How did this rule come into being? One seemingly obvious way is that, prior to the formation of this society, its constituent persons meet and agree to take their places in the circle, and to diligently obey these few rules. But questions arise about such a procedure. How do they know, in advance of forming this experimental society, whether their proposed rules are the right rules or not? And what will be their goal in forming this society? If there are 6 persons, might there not be 6 goals, 6 separate aspirations? Is it not likely that, having agreed upon some set of rules, when they set out to put them into practice, they find that they are actually unworkable?
Another way that this society might form is not through prior agreement, or any social contract, but instead by each person gradually modifying his own personal set of rules by gradual stages until it so happens that, starting out as a wandering nomad, he ends up as a settled trader. Individuals decide for themselves what makes life easier for them, by trying out different rules, different patterns of conduct. A simple human society may well form quite spontaneously from a series of small changes in behaviour. And the members of this society might not even be aware that they had formed a society, any more than individual atoms might 'know' that they have formed a complex molecule. Or, only over a period of time might the individual members of a society discover that they were part of a society.
The advantage of the latter process is that there is no need for all to meet and agree, and in doing so face difficult questions about who decides the rules, and what the rules should be. The disadvantage of this process would be that it might take quite a long time for separate individuals to hit upon the set of rules that results in the the best - the most idle - society. But once men become aware that they are members of a society, and begin to understand its logic, they might see ways in which rules might be changed to hastene its development towards an optimum order. And so the actual way that human societies form and develop is perhaps both through the operation of individual initiative at a personal level, but also through study and debate and agreement at a social level.
A further consideration in this is that inventing and trying out new rules is a process that takes time. An individual who is thinking of adopting a new rule may consider a variety of alternatives, and select one. He can only do this in his idle time, when he is not busy doing something else. And the same applies far more to any human society, that if its members are to meet up and discuss its rukes, and propose changes, and agree to such changes, they can only do this in their idle time. And if a single individual can make a decision very rapidly, but debates between people take far longer to reach decisions, then the least idle societies will not have the time for such debates, and decisions will be left to individuals acting in their own best interests. Either that, or only a few individuals will be able to meet and discuss and make suggestions for the improvements in social organisation.
Accordingly, in busy societies, where it is not possible for for collective debate and decision to take place, the decisions get taken by individuals. Either that, or the power to make collective decisions is assigned to a single individual or oligarchy. Democracy, in which all individuals participate fully in making collective decisions, is something of a luxury that only relatively idle societies can afford.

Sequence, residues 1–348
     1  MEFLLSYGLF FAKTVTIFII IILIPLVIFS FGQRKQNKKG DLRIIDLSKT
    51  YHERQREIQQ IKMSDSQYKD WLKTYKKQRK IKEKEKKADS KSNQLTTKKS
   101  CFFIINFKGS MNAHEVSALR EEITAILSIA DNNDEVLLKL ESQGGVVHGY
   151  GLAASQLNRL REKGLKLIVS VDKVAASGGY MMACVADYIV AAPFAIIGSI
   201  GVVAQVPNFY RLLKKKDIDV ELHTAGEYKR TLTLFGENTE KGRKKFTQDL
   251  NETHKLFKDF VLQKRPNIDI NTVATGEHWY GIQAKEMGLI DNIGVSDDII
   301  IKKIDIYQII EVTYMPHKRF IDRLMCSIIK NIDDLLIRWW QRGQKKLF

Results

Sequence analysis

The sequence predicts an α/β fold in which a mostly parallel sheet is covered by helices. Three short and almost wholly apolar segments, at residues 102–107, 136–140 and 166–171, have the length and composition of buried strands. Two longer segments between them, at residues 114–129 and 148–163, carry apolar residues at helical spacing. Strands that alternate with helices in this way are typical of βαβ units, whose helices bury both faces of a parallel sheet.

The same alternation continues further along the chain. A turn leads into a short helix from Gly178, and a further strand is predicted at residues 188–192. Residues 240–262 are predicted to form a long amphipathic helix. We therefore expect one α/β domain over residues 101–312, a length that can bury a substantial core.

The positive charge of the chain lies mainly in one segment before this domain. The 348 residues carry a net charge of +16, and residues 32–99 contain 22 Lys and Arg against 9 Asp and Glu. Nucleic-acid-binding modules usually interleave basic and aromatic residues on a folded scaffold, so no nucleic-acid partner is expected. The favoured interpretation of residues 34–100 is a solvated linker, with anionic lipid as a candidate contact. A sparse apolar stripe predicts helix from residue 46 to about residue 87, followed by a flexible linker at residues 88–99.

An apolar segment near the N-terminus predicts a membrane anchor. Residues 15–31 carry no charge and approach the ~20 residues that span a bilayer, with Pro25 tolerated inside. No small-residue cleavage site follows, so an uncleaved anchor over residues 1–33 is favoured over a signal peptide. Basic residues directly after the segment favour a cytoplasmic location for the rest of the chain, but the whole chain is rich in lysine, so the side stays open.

In whatever way the rules of conduct may emerge, whether they arise naturally from custom and practice, or are handed down from above by kings and legislators, they will provide the morality of that society - what they must and must not do. If those rules are not obeyed, the idleness of any society will fall. In the least idle societies, failure to adhere to the rules may threaten the continued existence of society. In such societies, rule-breaking may be severely punished.
Gaining Idleness, Losing Spontaneity
Independent self-sufficient nomads have no expectations of other humans. They will arrange their daily tasks to suit themselves. But once humans become dependent on each other within some human society, individual humans can no longer act purely in their own self-interest.
In the simple trading society considered, each member is expected to gather enough food for everyone at his vertex of the hexagon, and take this to his neighbours for further distribution. If this entails meeting at an agreed place at an agreed time, then the humans must gather enough food in the preceding time, and set out walking to the meeting place several hours before the scheduled meeting. They can no longer do as they please. If they miss their appointment, not only do they get no food, but other members of the society will also go hungry, and will have to go and collect the missing food for themselves, which will entail a fall in social idleness. If this human society is going to operated at its maximum idleness of 62%, its member have to exercise discipline in performing their allotted tasks on time. They can't spontaneously do whatever they like. So while they gain idleness from the transition from individual nomadic life to trading society, they lose spontaneity. Their lives become ruled by clocks.
Individuals in human society are always likely to find that they are governed by timetables that require that they not only perform work, but perform it at a particular time, so as best combine with the efforts of others. After all, if 6 men are required to drag a tree trunk from one place to another, they must all meet up at the same time, and not at different times of the day.
The Individual and Society
In our simple human society, when individuals work, they are almost always working on behalf of other individuals. The man who collects apples is not collecting for his own consumption, but for 5 other people. Humans are thus most fully social creatures, serving others, when they are working in society. They only become spontaneous individuals when they cease such work. And so they are social creatures while they are busy, and free individuals when they are idle.